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Scottish National Dictionary (1700–)

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First published 1960 (SND Vol. V). Includes material from the 2005 supplement.

JOUGS, n.pl.1, v. Also jug(g)s, jugges; jowgs; jogs, jogg(e)s, jogues; gogs (Ork. 1709 A. W. Johnston Church in Ork. (1940) 99), guges; choucks (Per. 1845 Stat. Acc.2 X. 502). The form jag(g) (Sc. 1884 C. Rogers Soc. Life Scot. I. 354) is unhistorical. [dʒugz]

I. n. Reg. in pl. An instrument of punishment or public ignominy consisting of a hinged iron collar attached by a chain to a wall or post and locked round the neck of the offender. Freq. used as an ecclesiastical discipline in the early 18th c. Now only hist. or fig. Rarely in sing. (Sc. 1772 T. Pennant Tour 1769 142).Bnff. 1712 W. Cramond Grant Court Bk. (1897) 20:
John Roy to stand in the jogs on the Sabbath day at the kirk of Cromdale for scandalising of Janet Calder.
Ork. 1722 Ork. Miscellany II. 30:
The Civil Magistrates ordered the Officer to take him to the Guges and they being put upon his shoulders to be put about his neck.
Abd. 1748 Abd. Journal (1–8 March):
Wednesday last a young Lad of about 15, . . . climbed up the Joggs of this City (a Place where Criminals have their Ears &c. fixed).
Fif. 1757 A. Laing Lindores Abbey (1876) 296:
Each of them stand two hours in the jugs with the [stolen] kypper tyed about their necks.
Hdg. 1781 J. Miller Lamp of Lothian (1844) 508:
She was condemned to stand in the juggs, in terms of a sentence of the magistrates.
Sc. 1814 Scott Waverley x.:
He set an old woman in the jougs (or Scottish pillory).
Ayr. 1826 Galt Lairds xviii.:
I'm no overly fond o' the rule and austerity o' a wife, after the experience that I hae had o' the juggs o' matrimony.
Per. 1831 Perthshire Advertiser (29 Dec.):
Indeed, unless not only the “cutty stool,” but also “the jags” and the “sack gown,”' be speedily restored to their pristine dignity, there is no saying to what an extent iniquity may abound among us.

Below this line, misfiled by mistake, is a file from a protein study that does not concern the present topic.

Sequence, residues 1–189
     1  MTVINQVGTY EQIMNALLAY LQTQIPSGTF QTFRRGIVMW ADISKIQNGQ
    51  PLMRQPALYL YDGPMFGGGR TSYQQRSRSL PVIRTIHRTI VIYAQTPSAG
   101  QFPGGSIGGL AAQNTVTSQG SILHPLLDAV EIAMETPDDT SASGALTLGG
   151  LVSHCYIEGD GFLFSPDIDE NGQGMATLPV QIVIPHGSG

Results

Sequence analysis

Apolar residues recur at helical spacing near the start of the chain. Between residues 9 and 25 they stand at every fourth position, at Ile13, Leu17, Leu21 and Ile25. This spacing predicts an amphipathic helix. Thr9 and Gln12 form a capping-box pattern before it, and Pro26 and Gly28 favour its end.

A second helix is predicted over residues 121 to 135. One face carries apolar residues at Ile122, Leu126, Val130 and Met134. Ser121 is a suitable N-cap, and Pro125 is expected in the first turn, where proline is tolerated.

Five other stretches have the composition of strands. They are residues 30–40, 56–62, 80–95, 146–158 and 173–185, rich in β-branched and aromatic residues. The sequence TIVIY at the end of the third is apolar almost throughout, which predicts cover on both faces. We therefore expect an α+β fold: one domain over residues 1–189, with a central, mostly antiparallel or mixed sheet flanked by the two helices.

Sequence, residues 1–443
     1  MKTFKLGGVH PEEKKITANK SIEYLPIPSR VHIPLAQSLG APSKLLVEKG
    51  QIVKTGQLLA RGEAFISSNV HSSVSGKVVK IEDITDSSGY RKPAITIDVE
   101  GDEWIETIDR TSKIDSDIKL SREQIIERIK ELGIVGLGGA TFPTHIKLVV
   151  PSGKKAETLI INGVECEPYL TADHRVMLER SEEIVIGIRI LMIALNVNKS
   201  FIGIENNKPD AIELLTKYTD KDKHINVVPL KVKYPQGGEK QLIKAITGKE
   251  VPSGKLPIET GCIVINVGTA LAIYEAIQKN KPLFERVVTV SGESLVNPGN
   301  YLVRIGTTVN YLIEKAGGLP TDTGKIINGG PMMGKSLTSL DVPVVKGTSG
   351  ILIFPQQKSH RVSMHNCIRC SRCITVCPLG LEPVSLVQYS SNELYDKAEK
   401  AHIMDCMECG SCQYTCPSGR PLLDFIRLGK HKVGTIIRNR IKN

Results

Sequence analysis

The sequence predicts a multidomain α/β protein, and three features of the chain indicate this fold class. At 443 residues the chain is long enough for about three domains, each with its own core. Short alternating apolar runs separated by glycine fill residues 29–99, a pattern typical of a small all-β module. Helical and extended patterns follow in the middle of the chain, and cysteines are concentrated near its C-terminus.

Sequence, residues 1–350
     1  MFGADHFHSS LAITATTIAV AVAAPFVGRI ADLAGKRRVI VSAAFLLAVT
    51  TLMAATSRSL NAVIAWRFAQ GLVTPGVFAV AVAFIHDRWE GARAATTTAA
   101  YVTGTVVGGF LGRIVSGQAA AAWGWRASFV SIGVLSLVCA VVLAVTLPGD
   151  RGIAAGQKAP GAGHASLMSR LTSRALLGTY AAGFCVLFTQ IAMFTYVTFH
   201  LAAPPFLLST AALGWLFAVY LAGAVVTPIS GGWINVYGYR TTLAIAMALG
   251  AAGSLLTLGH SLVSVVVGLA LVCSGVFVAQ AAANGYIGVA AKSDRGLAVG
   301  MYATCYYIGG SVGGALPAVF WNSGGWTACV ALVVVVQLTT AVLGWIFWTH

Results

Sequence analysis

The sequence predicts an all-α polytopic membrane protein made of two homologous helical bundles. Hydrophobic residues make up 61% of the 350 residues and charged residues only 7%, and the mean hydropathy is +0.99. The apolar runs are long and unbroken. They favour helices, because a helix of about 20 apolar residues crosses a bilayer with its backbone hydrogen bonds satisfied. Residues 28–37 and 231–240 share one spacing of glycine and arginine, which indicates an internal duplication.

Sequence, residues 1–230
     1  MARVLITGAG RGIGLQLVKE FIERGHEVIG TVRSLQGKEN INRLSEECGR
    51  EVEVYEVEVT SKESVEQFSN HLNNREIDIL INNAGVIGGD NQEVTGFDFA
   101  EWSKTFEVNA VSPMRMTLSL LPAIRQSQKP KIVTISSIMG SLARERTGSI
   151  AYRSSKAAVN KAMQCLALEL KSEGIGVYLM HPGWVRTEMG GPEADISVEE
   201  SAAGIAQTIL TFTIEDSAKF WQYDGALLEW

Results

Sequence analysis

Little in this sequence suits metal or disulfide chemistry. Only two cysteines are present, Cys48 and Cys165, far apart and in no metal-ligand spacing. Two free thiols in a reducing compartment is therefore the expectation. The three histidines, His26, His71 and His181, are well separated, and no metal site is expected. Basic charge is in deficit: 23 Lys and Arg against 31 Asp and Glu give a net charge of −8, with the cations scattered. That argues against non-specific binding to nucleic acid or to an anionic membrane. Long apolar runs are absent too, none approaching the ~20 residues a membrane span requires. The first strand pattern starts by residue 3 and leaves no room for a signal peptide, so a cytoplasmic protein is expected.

m.Lth. 1842 Children in Mines Report II. 450:
If we did not do his bidding we were placed by the necks in iron collars, called juggs, and fastened to the wall.
Mry. 1887 A. G. Wilken Peter Laing 43:
I ance saw a wife in the “jogs” at the auld Elgin jail, faur the fountain is noo. She was an' awfu' carline for stealin', an' she was faisten't to the wa' ootside wi' irons that gaed across her briest.
Gall. 1901 Trotter Gall. Gossip 115:
He nearly herry't the haill country-side tae get things tae sen' tae Sir Walter Scott, an took the verra jougs aff Threave Castle an sent them.
Abd. 1915 H. Beaton Benachie 6:
In the village of Old Rain is a market cross, and in the pillar were rings which were called “gogs”, where those who gave offence were bound and exposed to the public eye.
Ayr. 1951 Stat. Acc.3 498:
The ancient “jougs”, a hinged iron collar fastened by a chain to the wall [of Fenwick church], for the correction of evildoers, remain.
Sc. 1994 Herald 21 Sep 16:
The pillory, and the stocks, and the jougs, whereby malefactors were attached for varying periods to the kirk wall, were all used for the punishment of petty crime, chiefly because jails tended to be small and imprisonment was regarded as being an unwarrantable expense for the burgesses to bear.
Gsw. 1997 Herald 7 Aug 8:
Guilty persons had to swear repentance on oath in front of the congregation wearing sackcloth, often to be sentenced for so many public appearances in the "jougs".
Sc. 1999 Edinburgh Evening News 26 Mar 33:
For the unfortunate man was clamped in the jougs as a punishment, or penitence. This metal punishment collar was frequently used in most parishes of 14th, 15th and 16th century Scotland.
Sc. 1999 Scotsman 30 Sep 21:
The old iron jougs hanging on its chain by the gate was a stern reminder of a time when such spirited contravention of the sabbath might have been severely dealt with.

Used attrib. in combs. (1) jogg-irons, the chains attaching the jougs to the wall; (2) jugg-tree, jowg-, a tree used for affixing the jougs.(1) Ork. 1880 Dennison Sketch-Bk. 28:
The jogg-irons wur roosted i' the wa.
(2) Per. 1845 Stat. Acc.2 X. 1256:
An ash near the house, called the jug-tree.
Kcd. 1881 Trans. Highl. Soc. 205:
About a mile south-east, close to Glenbervie House, stands a . . . very old oak tree . . . called the “Jowg Tree”, from the fact that a pair of “jowgs” were in olden times fastened to it.

II. v. To confine in the jougs (I.Sc. 1866 Edm. Gl.).Inv. 1744 Trans. Gael. Soc. Inv. XIV. 76:
Impowering our respective Deputes, to use such criminalls by scourging, jugging, stocks, and other punishments.
Ork. 1880 Dennison Sketch-Bk. 30:
The' wur t'ree o' is sair against joggan' Brockie.

[O.Sc. chokes, 1559, jogs, 1563, jokis, jougs, 1587, juggs, 1620, n., jok, jog(g), v., from 1593. Orig. doubtful. The history of the forms suggests that the word is a voiced variant, with extended meaning, of choke, in the gen. sense of anything that restricts the throat. The spelling may have been influenced by learned, esp. clerical, association with Lat. iugum, Fr. joug, a yoke, which however has no meaning recorded sim. to the Sc. The pl. refers to the two hinged halves of the collar. Cf. the sim. development in Branks, n.1, q.v.]

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"Jougs n. pl.1, v.". Dictionary of the Scots Language. 2004. Scottish Language Dictionaries Ltd. Accessed 28 May 2022 <http://www.dsl.ac.uk/entry/snd/jougs_n_pl1_v>

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